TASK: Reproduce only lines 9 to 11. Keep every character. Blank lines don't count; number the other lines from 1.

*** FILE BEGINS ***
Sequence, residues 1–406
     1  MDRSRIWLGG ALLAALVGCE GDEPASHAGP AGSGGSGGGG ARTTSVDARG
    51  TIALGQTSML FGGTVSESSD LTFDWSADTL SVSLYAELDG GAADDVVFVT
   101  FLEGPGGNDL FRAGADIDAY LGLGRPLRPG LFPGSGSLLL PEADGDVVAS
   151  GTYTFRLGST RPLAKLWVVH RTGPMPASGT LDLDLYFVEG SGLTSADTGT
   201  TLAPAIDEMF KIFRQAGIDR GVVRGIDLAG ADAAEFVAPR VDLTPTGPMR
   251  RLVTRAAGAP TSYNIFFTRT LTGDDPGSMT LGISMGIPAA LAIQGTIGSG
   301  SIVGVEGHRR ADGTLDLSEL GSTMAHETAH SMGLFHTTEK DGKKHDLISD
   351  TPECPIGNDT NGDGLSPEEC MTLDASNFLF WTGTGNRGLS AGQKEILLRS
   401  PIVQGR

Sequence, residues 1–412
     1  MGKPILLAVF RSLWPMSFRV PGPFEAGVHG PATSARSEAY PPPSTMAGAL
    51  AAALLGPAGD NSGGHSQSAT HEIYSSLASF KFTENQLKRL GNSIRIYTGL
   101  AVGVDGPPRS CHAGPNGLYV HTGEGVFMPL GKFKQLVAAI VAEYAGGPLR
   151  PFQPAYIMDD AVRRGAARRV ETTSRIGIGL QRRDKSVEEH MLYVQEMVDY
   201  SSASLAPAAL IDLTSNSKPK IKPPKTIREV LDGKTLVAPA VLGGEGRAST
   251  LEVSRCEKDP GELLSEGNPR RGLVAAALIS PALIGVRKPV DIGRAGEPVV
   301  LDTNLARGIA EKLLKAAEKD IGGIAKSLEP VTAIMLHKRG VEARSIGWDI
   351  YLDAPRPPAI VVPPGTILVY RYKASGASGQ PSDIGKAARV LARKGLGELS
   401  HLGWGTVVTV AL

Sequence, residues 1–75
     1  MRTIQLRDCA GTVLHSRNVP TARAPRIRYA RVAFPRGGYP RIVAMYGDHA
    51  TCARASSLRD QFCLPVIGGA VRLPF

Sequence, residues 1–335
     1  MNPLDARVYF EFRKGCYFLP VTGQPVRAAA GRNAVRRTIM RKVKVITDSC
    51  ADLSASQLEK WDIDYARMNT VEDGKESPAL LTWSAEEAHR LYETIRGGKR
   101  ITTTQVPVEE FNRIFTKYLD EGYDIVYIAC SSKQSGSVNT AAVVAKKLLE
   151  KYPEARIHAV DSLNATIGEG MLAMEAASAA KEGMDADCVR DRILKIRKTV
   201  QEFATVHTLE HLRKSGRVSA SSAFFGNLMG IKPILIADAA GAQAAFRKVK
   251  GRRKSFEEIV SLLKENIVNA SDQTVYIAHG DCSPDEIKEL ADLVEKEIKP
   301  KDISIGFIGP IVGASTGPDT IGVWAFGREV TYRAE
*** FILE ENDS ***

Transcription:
   351  TPECPIGNDT NGDGLSPEEC MTLDASNFLF WTGTGNRGLS AGQKEILLRS
   401  PIVQGR

Sequence, residues 1–412